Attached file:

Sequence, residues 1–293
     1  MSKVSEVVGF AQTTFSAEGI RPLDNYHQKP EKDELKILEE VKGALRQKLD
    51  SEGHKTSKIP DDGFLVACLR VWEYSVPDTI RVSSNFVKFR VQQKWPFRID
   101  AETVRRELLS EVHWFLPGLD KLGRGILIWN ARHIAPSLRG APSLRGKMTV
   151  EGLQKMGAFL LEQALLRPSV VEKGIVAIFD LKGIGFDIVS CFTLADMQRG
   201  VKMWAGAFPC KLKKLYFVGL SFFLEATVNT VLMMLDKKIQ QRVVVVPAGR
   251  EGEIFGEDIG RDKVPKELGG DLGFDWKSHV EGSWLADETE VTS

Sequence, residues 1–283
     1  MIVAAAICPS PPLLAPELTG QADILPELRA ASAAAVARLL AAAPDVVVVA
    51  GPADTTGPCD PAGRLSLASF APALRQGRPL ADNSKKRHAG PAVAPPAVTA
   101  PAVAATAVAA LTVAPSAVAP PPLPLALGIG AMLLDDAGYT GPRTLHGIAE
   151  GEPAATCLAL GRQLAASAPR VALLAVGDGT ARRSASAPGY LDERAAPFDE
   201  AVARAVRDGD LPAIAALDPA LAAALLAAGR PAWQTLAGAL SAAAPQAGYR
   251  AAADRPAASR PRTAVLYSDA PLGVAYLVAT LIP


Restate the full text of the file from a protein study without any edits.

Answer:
Sequence, residues 1–293
     1  MSKVSEVVGF AQTTFSAEGI RPLDNYHQKP EKDELKILEE VKGALRQKLD
    51  SEGHKTSKIP DDGFLVACLR VWEYSVPDTI RVSSNFVKFR VQQKWPFRID
   101  AETVRRELLS EVHWFLPGLD KLGRGILIWN ARHIAPSLRG APSLRGKMTV
   151  EGLQKMGAFL LEQALLRPSV VEKGIVAIFD LKGIGFDIVS CFTLADMQRG
   201  VKMWAGAFPC KLKKLYFVGL SFFLEATVNT VLMMLDKKIQ QRVVVVPAGR
   251  EGEIFGEDIG RDKVPKELGG DLGFDWKSHV EGSWLADETE VTS

Sequence, residues 1–283
     1  MIVAAAICPS PPLLAPELTG QADILPELRA ASAAAVARLL AAAPDVVVVA
    51  GPADTTGPCD PAGRLSLASF APALRQGRPL ADNSKKRHAG PAVAPPAVTA
   101  PAVAATAVAA LTVAPSAVAP PPLPLALGIG AMLLDDAGYT GPRTLHGIAE
   151  GEPAATCLAL GRQLAASAPR VALLAVGDGT ARRSASAPGY LDERAAPFDE
   201  AVARAVRDGD LPAIAALDPA LAAALLAAGR PAWQTLAGAL SAAAPQAGYR
   251  AAADRPAASR PRTAVLYSDA PLGVAYLVAT LIP